Iron is an important cofactor for a number of proteins, but levels must be maintained in a delicate balance between too low, which causes illness, and too high, which causes toxic reactions.
Cellular iron homeostasis is maintained by a number of coordinatedly-regulated gene products that mediate iron uptake, release, utilization, and storage. Expression of these genes is chiefly regulated as a function of iron availability through the actions of Iron Regulatory Proteins (IRP) 1 and 2.
However, the underlying mechanisms that sense intracellular iron levels and regulate IRP2 were poorly understood. We discovered that a key regulatory complex, containing a protein called F-box/leucine-rich-repeat (FBXL5), directly targets IRP2 for degradation when cellular iron levels are high.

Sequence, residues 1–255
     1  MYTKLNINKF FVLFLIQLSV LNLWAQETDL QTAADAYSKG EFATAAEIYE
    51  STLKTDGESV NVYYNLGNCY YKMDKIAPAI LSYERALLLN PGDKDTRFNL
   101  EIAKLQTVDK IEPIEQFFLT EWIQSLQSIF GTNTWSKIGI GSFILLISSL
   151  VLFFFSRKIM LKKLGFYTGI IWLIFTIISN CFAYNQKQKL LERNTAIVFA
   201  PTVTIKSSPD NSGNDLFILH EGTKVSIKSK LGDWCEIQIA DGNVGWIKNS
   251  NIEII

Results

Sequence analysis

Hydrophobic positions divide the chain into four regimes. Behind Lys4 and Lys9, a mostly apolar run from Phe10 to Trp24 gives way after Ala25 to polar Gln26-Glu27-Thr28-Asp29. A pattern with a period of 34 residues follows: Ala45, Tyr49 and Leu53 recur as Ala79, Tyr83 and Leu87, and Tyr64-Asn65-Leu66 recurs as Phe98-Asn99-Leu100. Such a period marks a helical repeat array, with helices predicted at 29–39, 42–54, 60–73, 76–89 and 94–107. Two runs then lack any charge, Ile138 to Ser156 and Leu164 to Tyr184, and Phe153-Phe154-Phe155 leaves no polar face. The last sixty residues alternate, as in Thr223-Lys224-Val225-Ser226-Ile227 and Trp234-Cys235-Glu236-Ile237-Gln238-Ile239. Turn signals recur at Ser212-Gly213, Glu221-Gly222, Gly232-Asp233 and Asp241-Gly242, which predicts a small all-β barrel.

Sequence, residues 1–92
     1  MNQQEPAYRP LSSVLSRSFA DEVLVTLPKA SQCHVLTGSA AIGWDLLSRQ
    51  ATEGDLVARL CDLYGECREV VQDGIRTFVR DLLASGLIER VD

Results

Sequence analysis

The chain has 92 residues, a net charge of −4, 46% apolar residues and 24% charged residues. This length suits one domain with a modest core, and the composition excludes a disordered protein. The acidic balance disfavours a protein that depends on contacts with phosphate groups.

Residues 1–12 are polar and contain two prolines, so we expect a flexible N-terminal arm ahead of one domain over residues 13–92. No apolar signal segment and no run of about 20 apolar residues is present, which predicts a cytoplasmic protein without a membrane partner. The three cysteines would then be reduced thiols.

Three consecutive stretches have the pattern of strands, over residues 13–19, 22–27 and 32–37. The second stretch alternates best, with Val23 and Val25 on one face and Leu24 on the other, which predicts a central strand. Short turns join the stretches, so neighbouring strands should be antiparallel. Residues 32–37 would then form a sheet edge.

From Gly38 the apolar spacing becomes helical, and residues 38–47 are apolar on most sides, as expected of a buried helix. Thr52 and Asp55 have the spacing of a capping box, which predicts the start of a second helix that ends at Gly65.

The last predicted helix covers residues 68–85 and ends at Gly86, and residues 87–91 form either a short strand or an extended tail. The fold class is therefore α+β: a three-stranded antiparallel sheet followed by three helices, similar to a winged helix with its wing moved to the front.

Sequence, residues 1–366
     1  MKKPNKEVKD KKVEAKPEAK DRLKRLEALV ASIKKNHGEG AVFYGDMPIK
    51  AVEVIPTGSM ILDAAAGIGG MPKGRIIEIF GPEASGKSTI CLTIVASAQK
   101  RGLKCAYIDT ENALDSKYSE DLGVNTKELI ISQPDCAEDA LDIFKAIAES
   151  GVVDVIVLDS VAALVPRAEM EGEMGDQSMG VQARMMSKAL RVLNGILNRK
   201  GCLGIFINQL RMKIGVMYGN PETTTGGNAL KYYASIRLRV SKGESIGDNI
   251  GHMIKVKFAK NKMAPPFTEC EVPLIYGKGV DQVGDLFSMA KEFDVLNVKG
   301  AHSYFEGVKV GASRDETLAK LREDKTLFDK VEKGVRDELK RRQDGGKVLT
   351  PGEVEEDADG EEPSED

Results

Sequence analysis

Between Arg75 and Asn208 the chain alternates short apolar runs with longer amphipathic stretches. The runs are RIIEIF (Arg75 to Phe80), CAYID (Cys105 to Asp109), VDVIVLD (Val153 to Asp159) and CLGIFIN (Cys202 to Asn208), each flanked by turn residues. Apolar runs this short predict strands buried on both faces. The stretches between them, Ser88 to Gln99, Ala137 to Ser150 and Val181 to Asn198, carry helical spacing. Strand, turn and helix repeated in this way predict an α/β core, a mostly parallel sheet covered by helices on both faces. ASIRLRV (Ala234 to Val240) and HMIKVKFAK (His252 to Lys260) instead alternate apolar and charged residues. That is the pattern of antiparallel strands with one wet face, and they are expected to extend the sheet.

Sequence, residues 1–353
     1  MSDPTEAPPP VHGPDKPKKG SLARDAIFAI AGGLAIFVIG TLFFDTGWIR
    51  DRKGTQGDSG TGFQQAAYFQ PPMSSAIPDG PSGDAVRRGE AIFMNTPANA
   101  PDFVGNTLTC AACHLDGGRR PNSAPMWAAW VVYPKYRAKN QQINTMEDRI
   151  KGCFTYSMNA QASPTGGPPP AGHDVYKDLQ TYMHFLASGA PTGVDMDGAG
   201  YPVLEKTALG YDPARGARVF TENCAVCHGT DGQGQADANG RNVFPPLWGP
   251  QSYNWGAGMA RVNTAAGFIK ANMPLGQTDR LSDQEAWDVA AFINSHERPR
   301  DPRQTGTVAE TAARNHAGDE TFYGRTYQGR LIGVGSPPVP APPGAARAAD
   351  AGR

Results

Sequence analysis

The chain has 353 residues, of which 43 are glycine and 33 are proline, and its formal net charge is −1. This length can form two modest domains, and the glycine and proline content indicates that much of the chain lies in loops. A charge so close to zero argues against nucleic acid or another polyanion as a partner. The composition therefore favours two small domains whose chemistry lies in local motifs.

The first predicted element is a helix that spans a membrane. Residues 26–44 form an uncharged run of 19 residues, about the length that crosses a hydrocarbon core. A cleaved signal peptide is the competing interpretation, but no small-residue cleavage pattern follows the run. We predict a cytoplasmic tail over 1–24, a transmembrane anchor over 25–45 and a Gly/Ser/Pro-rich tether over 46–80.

We also found that FBXL5 itself is regulated, accumulating only under conditions of high iron and oxygen, by means of a hemerythrin domain that acts as an iron- and oxygen-responsive regulatory switch. These observations demonstrated a direct mechanistic link between iron sensing and cellular responses that maintain mammalian iron homeostasis, and may provide new insights for the treatment of related human diseases.